Posted by: Footler PJ19 FEB 2014
The amoeba Dictyostelium discoideum lives in the forest litter of temperate regions. It has a curious life cycle. As a single cell it feeds on bacteria and divides by splitting into two daughter cells. But if food is insufficient the cells aggregate to form a fruiting body of about 50,000 cells. This latter form gives the organism its other name, the social amoeba.
D discoideum can also be grown in the laboratory using a bacterial lawn as a food source.
D discoideum has proved to be an ideal model organism for studying a range of biomedical systems such as phagocytosis, signal transduction, chemotaxis, cellular differentiation, cell motility and cytokinesis.
The organism has helped us understand how drugs function on a molecular level and to identify genes controlling the action of medical treatments. Researchers have used its genetics for studies as varied as myosin mutations that cause cardiac myopathies, resistance to cisplatin used in chemotherapy and the mechanism of action of lithium.
Researchers at Royal Holloway, University of London, and the Institute of Psychiatry, King’s College London, are using D discoideum to study the cellular role of specific proteins. For example, mutations in presenilin proteins are carried by patients with inherited forms of Alzheimer’s disease and may play a major role in the age-related onset of the condition.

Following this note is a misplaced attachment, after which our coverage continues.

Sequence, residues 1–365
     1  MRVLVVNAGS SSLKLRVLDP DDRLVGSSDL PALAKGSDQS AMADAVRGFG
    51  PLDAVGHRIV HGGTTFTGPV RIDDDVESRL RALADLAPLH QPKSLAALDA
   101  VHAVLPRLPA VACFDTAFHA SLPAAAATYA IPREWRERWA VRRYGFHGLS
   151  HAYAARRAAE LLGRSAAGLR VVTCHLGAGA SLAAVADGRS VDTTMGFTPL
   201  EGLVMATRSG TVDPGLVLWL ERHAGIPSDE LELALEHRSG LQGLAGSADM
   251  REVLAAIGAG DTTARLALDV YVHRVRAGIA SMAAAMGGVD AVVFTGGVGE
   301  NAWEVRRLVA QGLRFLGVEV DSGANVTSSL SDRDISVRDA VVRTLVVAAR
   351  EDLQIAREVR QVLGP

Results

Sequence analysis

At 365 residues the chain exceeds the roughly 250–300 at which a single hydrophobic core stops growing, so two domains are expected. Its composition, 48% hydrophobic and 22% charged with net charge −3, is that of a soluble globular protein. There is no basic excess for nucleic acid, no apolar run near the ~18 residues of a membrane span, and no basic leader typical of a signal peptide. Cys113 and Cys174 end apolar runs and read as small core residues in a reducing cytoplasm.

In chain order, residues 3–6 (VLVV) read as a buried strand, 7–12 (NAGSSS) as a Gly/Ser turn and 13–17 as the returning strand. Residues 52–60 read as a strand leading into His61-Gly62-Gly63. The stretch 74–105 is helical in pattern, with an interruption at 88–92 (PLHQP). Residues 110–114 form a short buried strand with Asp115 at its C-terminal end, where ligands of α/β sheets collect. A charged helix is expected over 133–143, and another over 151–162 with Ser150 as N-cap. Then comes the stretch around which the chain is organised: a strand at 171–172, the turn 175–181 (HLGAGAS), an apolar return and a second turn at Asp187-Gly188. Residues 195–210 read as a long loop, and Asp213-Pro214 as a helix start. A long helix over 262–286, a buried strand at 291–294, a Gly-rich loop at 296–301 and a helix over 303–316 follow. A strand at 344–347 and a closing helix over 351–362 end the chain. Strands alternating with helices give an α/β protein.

Understanding the role of these proteins has proved difficult since deletion of the proteins in experimental animal cells causes a loss of viability and blocks development. Using D discoideum allows researchers to better understand the roles of proteins and genes involved in Alzheimer’s disease and other forms of neurodegeneration without the need for such animal cell tests.
It is fascinating that so simple an organism lends itself to the study of such a complex disease.